I have just finished a feature film for Ford Foundation called Unspoken it is a drama about 2 young girls - an 11-year-old child bride from the north of Nigeria where traditionally child brides are a norm, and a precocious, attention seeking 13-year-old girl from the South who ends up pregnant—the film is a cautionary tale. It is entertainment but also educational. The film is going on traveling cinema around Nigeria. And so far the response has been amazing! Especially in the north of Nigeria where the practice of marrying off girls at the age of 11 years old is seen as acceptable - but there are people there now trying to effect change. Other projects are an arts series on the originators of modern art in Nigeria. We don't have much records of our past and it is only now people are becoming aware that we must document, film, write about people who have made an impact on the society before it is too late.

Other projects.... Ummm many more  - oh yes, one job I loved was in a hospital for pregnant women, and kids up to age of 4. Established by Governor Mimiko of Ondo State in Nigeria. It was free for all pregnant women. I would say it was like the American TV series ER but a real life version. I saw too many incidents of women dying even though the healthcare was free because at the last minute some of them would go to "mission houses" run by "prophets" and their spiritual "nurses" instead of hospitals and obviously often times things would go wrong. I was so touched by the vision and dedication of the doctors and nurses there—incredible experience.

Remi at work
Faaji Agba has been in the making for six years, talk about your journey in making the film, the experiences with the musicians involved and the passion that saw you through the process.

Faaji 'baby'. It started in 2009, and wow I have finally given birth to her or rather him cause it is pretty much a male-dominated film, although I put the wives perspective into it where I could. How it started... Kunle Tejuoso, who created the Faaji Agba Collective is a friend and I would come to his shop Jazzhole and watch him working with the old-boys. Then I started filming and kept filming and kept filming...until I realised I had a story. It is a story about Kunle's passion reinventing and find these old master Yoruba musicians and also about the fact that once again in Nigeria we are losing our culture and heritage pretty damn quickly in our race to be like the generic "everyone" else. It was challenging because it was done with no money—I was pretty much doing everything myself, from camera to sound. A few times I could beg favours and pay for someone to help with the formal interviews but I was pretty much on stand-by 24-7 for when I had to film.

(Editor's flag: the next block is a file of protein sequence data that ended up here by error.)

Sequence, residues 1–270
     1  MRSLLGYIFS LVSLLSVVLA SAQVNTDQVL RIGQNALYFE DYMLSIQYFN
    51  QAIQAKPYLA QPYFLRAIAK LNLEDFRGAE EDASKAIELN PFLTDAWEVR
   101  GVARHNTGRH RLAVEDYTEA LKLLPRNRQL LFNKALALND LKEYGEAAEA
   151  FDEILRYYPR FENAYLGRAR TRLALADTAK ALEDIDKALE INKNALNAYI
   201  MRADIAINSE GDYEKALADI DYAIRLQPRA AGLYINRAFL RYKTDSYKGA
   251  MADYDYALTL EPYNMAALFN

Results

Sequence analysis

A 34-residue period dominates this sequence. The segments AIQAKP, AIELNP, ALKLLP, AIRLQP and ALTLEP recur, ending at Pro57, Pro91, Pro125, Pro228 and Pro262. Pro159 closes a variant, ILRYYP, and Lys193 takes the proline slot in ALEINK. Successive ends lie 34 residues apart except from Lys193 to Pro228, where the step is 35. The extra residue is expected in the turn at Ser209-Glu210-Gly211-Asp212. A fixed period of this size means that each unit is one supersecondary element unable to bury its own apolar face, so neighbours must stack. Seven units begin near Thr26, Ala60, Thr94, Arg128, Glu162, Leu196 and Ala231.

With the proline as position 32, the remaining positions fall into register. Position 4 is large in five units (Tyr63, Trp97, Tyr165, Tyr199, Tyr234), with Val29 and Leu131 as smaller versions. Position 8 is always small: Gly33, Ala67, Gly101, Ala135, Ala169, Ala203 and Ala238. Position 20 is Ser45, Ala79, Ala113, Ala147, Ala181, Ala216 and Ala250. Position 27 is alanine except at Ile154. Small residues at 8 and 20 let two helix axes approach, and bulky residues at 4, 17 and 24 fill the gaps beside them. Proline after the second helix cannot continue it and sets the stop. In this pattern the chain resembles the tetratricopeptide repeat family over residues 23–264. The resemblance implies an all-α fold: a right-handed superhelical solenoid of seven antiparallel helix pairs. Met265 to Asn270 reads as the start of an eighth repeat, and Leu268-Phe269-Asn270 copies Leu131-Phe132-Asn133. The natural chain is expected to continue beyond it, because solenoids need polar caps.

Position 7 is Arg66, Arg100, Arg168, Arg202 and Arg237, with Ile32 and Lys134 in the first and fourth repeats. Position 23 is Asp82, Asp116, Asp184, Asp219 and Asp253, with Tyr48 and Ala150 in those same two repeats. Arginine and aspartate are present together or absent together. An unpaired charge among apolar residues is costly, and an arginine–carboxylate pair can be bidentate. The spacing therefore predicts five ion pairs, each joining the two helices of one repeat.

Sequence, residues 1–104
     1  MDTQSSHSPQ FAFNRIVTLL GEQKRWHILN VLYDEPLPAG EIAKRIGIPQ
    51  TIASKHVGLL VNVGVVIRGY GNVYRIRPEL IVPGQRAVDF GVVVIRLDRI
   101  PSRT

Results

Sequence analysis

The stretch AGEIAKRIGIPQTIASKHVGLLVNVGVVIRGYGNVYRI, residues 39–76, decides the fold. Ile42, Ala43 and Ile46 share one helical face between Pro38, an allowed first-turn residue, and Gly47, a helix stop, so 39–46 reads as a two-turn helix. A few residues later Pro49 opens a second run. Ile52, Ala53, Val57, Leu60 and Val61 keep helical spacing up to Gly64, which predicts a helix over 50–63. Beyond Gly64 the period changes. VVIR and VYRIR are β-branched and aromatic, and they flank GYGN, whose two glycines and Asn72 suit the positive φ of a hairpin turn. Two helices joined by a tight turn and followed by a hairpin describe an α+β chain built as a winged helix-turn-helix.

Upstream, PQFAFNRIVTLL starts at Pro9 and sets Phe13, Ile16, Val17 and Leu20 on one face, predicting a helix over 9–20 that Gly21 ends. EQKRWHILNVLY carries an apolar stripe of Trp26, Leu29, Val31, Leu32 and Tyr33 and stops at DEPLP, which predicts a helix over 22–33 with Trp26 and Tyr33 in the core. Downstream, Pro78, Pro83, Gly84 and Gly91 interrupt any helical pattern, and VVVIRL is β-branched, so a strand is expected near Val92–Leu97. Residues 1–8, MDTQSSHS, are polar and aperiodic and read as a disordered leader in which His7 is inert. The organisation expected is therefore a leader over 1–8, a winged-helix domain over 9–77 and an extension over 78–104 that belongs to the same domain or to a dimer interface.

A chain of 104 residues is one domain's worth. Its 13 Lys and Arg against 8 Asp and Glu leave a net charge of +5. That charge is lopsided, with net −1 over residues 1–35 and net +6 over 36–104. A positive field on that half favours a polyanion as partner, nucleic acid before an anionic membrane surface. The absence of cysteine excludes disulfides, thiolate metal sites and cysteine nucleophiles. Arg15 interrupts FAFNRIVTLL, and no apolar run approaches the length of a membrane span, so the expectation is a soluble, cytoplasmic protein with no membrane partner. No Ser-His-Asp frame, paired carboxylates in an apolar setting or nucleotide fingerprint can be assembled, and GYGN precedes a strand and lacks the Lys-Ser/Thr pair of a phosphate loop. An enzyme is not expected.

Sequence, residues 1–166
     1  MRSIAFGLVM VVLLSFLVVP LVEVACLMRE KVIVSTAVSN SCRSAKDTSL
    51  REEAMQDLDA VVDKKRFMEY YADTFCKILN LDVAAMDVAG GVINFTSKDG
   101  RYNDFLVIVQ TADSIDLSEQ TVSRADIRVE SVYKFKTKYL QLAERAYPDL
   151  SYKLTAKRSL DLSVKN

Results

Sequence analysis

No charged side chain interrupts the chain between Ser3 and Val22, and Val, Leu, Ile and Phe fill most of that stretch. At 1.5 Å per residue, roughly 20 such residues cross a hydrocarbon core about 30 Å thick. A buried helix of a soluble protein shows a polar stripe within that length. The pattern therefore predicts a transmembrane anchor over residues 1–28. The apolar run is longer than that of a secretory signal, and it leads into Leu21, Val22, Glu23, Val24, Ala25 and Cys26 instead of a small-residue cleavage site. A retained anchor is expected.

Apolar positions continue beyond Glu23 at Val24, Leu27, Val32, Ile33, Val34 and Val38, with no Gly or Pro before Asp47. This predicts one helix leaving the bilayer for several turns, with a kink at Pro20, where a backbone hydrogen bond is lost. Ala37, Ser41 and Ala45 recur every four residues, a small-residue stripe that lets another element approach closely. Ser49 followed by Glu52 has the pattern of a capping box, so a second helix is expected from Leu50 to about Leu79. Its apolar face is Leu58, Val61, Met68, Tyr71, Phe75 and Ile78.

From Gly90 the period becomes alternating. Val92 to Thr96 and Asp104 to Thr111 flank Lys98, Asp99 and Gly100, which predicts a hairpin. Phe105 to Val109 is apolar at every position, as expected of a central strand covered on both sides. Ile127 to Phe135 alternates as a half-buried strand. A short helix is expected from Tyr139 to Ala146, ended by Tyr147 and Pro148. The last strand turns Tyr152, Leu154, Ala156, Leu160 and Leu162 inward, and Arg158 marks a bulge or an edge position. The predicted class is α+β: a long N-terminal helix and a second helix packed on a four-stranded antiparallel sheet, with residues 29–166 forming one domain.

The most difficult was when they were invited to perform at Prospect Park in Brooklyn, New York—then it was just me, except for the live performance. I finally got some sponsorship from the Goethe Institut, Lagos and from FHN Nigeria (a local oil company who loved the project), Tayo Amusan (The Plams) and my flights from Arik airlines. Oh and I must say a thank you to Andrew Dosunmu who also helped raise funds and got us the gig in NY. 

More challenges were when my guys started dying on me—hard ‘cause they had become like family, like my uncles. It was amazing to discover the history of Lagos and in fact Nigeria and our music from their personal lives and I feel very privileged that I was able to be part of their lives. Half the time, they forgot that I was holding a camera and were very, very natural with me. 

Some people like to say it is like Buena Vista but I don't feel it is, there are other films like Searching for Sugarman where someone goes hunting down a forgotten musician—but to me Faaji Agba is more, it is also about Lagos and the legends that once existed. If you are from Lagos or understand highlife, juju and afrobeat music or the development of the music scene here then you will find it more fascinating than just a film about Kunle doing a Buena Vista and finding some old musicians. If you don't have an interest in the Lagos music scene or history then you will find Kunle doing a "Sugarman/Buena Vista" interesting.... nuff said.  :)

I am now looking at how to take the film further—enter festivals, Kunle and I want to create a CD/DVD and a book; back to funds, funds funds!! Usual story. 

Well that's me folks!!

Conversation with Remi Vaughan-Richards and Beti Ellerson, October 2015.